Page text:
View Full Version : Specs for surface finishes?

08-10-2004, 09:54 AM
Anyone know the specs or where to find the factory specifications for surface finishes (decks, heads, cranks, etc) for our engines?

08-23-2004, 06:36 PM
I'm willing to bet the crank was nitrided past that :confused: .

09-13-2004, 10:50 PM
I found this in Steve Dove's "Guide to Buick Performance Engines" in the chapter titled "Turbo V6 Engine Building Tips" (page 123 in my edition):

"...Although the spec for a crank journal is 8 to 12 RMS, the spec for a seal surface is 10 to 20 RMS with 15 RMS a good target..."

RMS means "Root Mean Square"

I'll keep digging.

10-06-2004, 04:49 PM
I found this on the Federal-Mogul web site. Doesn't speak to our motors specifically.

"The surface finish on the face of the head and block is also important for proper sealing. The surface finish for most engines should be 54 to 113 RA microinches (60 to 125 RMS), with a recommended range of 80 to 100 RA (90 to 110 RMS).

Surface finishes are measured in "microinches" (millionths of an inch). RA stands for Roughness Average, and is a simple average of the heights of the peaks and depths of the valleys on the surface. RMS stands for Root Mean Square, and is a mathematical technique for describing the amount of variation across the surface. The difference between RA and RMS is about 10%.

The surface finish should be fairly uniform across the entire face of the head and block. In other words, the RA finish should not vary more than 20% from one area to another.

As a rule, the smoother the surface finish the better. When the surface is rougher than about 113 RA (125 RMS), there are too many peaks and valleys on the metal's surface to seal properly. The gasket may not cold seal and could leak coolant and/or compression.

Deep scratches on the surface can also create leak paths for gases and coolant that can lead to premature gasket failure. Using a thicker gasket that has increased conformability and/or a thicker soft facing can compensate somewhat for a rougher surface, but such gaskets don't retain torque well and are less durable.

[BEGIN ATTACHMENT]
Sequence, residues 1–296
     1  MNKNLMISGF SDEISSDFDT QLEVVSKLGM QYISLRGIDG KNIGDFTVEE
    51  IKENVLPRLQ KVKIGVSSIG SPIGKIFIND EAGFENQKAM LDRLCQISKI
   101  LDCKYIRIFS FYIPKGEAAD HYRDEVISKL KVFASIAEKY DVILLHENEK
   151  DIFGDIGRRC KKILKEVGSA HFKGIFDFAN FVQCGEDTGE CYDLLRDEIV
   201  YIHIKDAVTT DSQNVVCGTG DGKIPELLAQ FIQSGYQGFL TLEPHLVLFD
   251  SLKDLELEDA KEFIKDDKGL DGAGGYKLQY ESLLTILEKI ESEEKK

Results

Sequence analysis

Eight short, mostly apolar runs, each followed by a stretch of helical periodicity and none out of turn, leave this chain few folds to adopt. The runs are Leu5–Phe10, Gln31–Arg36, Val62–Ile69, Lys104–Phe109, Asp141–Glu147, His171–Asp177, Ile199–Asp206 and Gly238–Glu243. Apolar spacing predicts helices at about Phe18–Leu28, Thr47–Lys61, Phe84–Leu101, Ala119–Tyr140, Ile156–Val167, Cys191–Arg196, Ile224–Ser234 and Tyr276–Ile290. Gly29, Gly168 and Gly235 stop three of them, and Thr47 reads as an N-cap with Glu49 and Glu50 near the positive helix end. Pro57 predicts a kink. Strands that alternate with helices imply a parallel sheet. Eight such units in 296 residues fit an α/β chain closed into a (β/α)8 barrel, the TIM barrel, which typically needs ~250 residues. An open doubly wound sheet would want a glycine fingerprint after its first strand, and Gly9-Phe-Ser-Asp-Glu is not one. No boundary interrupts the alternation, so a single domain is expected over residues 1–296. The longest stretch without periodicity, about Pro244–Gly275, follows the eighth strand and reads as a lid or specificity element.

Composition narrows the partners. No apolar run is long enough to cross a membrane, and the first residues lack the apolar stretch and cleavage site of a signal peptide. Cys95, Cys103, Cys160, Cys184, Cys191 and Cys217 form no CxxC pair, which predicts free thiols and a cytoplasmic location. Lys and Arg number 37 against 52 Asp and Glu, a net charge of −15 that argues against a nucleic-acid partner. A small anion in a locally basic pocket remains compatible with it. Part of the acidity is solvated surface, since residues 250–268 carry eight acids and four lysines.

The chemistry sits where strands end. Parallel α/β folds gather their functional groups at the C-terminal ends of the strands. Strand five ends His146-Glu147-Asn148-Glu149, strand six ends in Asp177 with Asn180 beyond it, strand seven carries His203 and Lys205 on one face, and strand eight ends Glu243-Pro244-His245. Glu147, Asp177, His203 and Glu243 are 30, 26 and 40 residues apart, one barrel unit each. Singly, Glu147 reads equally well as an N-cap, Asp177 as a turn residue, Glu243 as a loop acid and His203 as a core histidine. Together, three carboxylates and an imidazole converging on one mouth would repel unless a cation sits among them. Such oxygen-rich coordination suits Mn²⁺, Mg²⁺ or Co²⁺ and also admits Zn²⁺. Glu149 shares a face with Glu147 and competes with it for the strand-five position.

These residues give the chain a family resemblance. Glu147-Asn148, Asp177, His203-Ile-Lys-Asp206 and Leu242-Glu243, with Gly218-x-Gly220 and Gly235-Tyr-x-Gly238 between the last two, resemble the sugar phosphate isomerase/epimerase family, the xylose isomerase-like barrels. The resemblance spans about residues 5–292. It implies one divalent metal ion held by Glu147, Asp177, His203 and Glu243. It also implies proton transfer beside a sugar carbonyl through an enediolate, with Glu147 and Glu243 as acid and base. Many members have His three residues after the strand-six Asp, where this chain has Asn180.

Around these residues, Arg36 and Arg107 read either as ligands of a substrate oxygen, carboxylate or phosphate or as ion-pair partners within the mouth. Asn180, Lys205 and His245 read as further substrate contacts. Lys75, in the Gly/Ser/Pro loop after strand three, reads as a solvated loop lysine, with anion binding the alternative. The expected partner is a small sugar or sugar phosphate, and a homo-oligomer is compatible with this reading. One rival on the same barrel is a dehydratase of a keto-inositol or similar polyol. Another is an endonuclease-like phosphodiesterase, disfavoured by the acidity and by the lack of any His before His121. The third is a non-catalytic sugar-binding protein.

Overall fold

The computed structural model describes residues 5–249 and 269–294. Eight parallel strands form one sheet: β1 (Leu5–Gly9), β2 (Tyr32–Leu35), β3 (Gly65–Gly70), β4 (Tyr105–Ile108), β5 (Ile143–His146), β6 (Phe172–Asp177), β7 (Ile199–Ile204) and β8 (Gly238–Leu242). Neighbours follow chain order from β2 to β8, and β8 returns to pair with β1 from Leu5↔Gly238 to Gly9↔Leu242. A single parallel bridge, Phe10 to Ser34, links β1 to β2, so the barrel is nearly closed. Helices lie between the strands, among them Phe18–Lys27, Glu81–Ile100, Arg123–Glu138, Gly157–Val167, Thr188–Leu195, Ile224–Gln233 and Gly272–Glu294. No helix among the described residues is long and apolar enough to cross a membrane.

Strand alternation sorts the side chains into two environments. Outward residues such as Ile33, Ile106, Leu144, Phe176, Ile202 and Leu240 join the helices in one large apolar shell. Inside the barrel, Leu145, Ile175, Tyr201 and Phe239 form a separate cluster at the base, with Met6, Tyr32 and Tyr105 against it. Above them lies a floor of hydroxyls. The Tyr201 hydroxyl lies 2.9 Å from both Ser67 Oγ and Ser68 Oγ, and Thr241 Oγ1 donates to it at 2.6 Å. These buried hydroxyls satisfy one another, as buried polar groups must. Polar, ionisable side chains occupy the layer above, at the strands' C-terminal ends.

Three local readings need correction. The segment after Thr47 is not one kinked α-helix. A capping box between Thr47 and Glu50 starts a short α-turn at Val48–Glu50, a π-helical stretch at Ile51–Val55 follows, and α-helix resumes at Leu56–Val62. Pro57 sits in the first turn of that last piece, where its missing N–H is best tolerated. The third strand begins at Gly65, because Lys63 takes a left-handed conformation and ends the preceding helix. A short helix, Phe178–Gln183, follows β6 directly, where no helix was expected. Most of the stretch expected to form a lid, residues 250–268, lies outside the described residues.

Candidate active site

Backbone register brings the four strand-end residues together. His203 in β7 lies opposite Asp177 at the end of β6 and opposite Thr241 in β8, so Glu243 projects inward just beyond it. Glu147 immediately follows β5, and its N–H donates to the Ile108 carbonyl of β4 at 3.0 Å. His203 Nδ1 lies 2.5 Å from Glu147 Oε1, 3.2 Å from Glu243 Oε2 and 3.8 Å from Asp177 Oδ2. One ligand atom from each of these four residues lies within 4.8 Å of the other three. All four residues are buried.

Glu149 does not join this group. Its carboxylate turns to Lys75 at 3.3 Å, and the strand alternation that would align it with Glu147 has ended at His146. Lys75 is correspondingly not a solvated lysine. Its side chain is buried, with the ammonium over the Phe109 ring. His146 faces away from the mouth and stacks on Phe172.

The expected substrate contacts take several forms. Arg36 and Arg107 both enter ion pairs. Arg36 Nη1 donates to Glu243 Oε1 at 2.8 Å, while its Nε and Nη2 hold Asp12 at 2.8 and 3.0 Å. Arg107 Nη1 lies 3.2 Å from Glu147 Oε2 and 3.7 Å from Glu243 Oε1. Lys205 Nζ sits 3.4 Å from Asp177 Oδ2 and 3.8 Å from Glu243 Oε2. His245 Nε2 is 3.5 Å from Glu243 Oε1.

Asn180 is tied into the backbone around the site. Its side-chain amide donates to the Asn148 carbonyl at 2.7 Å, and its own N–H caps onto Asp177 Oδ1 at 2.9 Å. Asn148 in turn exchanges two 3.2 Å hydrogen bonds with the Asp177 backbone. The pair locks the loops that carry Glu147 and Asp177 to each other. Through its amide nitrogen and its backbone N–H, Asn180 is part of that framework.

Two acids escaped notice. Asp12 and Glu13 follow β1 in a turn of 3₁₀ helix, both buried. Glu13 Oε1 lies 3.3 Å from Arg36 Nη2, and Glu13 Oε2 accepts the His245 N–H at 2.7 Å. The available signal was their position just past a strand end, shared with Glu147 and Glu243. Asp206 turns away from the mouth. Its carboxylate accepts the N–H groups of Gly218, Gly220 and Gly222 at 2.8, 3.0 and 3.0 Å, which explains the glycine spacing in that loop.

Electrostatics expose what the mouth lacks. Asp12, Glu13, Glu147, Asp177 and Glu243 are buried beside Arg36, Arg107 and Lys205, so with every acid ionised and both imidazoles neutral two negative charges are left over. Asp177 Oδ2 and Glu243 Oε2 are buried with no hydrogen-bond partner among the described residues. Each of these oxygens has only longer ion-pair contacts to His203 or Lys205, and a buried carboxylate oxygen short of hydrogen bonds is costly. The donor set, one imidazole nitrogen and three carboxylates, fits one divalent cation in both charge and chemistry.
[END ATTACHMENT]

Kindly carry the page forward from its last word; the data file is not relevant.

Too rough a surface finish can also be hard on the gasket itself. A rough finish has more "bite" and digs into the gasket more aggressively. This can increase the scuffing and shearing the gasket undergoes as the engine heats up and cools down. In bimetal engines with aluminum cylinder heads, this can be especially hard on the gasket because of the difference in expansion rates between aluminum and iron.

To smooth less than 54 RA (60 RMS) may also create sealing problems depending on the application. If the surface finish is too smooth, it may not provide enough bite to hold and seal a head gasket securely. There can also be movement between the gasket and metal, causing the gasket to abrade and leak. Though conventional head gaskets require a small amount of roughness to grip and seal the gasket, a new type of laminated steel or Rubber Coated Embossed (RCE) style head gasket that is used as original equipment on certain late model domestic and Japanese engines requires an almost polished surface finish. The recommended surface finish for some of these applications is as smooth as 20 RA (22 RMS). So follow the manufacturer's surface recommendations for the application."

10-06-2004, 07:19 PM
Wow, thats getting pretty deep. Good stuff! :)

10-11-2004, 02:08 PM
Yeah, but realistically, how many machine shops are willing to spend $2-5K on a surface roughness gage?

10-11-2004, 05:53 PM
> how many machine shops are willing to spend $2-5K on a
> surface roughness gage?

Yep, I wouldn't spend it on that tool. But I'd wanna be prepared for the geek like me that brings in his parts and states the finish he wants on them. :D

As I see it, shops know their tools and know what finishes they produce. I'm not sure I wanna work with a shop that doesn't, so I gotta ask. And if I gotta ask, I gotta know.

I'm really after an understanding what it's about and what it is supposed to be. At this point I speculate that the finish is specified by manufacturer of the contact materials, i.e. the gasket, ring or bearing manufacturers. :o